Minitube is a YouTube desktop client. With it you can watch YouTube videos in a new way: you type a keyword, Minitube gives you an endless video stream. Minitube is not about cloning the original YouTube web interface, it aims to create a new TV-like experience.

    Minitube does not use the Flash Player.

    http://flavio.tordini.org/minitube

  • John

    There is no need to install any extra software like minitube. Your totem, the default movie player in Ubuntu itself is able to play YouTube videos for you.

    Check this link. Hope this will help .

    http://findasolution.in/component/content/article/38-ubuntu/50-watch-youtube-videos-without-flash-player-in-ubuntu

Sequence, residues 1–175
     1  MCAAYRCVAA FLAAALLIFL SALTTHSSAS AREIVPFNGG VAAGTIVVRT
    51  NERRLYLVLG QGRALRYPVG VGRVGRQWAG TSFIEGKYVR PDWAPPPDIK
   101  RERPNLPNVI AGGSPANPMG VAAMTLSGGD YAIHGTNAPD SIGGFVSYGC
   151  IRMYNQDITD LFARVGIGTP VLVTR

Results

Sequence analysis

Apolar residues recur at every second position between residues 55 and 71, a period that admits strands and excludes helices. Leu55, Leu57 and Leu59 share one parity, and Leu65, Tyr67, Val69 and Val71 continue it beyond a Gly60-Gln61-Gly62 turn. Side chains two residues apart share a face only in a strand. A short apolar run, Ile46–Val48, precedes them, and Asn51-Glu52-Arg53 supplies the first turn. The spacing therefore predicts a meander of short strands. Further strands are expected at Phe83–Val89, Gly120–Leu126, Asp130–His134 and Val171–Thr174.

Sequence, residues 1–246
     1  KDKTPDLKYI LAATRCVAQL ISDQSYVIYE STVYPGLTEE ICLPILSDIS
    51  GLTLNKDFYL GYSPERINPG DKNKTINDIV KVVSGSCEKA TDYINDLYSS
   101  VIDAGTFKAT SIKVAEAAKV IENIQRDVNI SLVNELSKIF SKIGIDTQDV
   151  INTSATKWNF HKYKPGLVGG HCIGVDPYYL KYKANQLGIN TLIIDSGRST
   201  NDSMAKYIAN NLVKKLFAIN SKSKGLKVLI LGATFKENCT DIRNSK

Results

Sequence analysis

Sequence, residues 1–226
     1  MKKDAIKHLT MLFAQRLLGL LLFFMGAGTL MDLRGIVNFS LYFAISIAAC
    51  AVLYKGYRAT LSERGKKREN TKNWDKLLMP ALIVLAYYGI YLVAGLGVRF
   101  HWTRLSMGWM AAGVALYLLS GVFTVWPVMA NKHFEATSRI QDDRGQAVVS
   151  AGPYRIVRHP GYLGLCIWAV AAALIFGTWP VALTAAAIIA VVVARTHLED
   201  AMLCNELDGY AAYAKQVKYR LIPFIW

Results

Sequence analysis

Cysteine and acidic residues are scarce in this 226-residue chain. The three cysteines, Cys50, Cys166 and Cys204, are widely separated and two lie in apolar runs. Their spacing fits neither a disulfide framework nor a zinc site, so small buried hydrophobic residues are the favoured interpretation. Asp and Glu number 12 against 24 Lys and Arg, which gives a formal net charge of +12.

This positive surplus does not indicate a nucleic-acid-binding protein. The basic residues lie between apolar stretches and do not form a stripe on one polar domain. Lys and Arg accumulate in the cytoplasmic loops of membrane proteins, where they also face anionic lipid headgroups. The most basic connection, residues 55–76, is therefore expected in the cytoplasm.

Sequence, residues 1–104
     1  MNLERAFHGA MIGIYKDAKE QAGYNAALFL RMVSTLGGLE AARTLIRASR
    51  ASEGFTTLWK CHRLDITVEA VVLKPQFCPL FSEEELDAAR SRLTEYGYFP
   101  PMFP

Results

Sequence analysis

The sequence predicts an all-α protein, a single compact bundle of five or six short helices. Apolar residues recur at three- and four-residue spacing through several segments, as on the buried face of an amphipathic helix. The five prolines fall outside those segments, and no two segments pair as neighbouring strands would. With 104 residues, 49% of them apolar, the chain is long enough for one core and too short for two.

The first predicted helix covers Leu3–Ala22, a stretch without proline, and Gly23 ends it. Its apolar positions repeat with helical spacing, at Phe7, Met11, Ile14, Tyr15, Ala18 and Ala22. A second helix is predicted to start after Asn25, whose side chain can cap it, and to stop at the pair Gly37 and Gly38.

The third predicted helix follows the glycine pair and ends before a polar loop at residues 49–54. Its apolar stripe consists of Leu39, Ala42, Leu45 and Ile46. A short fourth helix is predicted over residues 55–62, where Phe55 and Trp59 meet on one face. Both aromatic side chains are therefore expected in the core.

• vinni_f

    in addition to @Bilal Akhtar answer I suggest to install the browser plugin in order to make it work on firefox & chorminium

    sudo apt-get install browser-plugin-lightspark
    
  • Ivo Danihelka

    You can restart the flash plug-in when the browser becomes sluggish.

    In Google Chrome:

    Task_Manager (Shift+Escape) -> End process on "Plug-in: Shockwave Flash"
    

    In Firefox 3.6.5+:

    killall plugin-container
    
  • swift

    Lightspark repository for Natty, Oneiric, Precise
    (ppa:sssup/sssup-ppa don't have last two and amd64 packages):

       sudo add-apt-repository ppa:sparkers/daily
    
  • maxschlepzig

    youtube-dl was already mentioned as an very convenient and open-source alternative to a flash-plugin. Other examples of site-specific flash substitute programs are:

  • sagarchalise

    The GUI downloader I use is DonwloadHelper http://www.downloadhelper.net/ Works great for me (Ubuntu 10.4 AMD64 and Firefox).